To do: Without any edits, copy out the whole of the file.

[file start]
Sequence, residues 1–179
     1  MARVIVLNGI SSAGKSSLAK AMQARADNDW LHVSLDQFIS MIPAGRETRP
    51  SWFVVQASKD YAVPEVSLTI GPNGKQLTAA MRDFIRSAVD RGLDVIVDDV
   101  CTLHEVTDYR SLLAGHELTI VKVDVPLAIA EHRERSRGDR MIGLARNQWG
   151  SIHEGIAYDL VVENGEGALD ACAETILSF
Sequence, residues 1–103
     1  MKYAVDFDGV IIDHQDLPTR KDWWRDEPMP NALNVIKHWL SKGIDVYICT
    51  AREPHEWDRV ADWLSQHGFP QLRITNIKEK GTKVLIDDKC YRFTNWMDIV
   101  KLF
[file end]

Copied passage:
Sequence, residues 1–179
     1  MARVIVLNGI SSAGKSSLAK AMQARADNDW LHVSLDQFIS MIPAGRETRP
    51  SWFVVQASKD YAVPEVSLTI GPNGKQLTAA MRDFIRSAVD RGLDVIVDDV
   101  CTLHEVTDYR SLLAGHELTI VKVDVPLAIA EHRERSRGDR MIGLARNQWG
   151  SIHEGIAYDL VVENGEGALD ACAETILSF
Sequence, residues 1–103
     1  MKYAVDFDGV IIDHQDLPTR KDWWRDEPMP NALNVIKHWL SKGIDVYICT
    51  AREPHEWDRV ADWLSQHGFP QLRITNIKEK GTKVLIDDKC YRFTNWMDIV
   101  KLF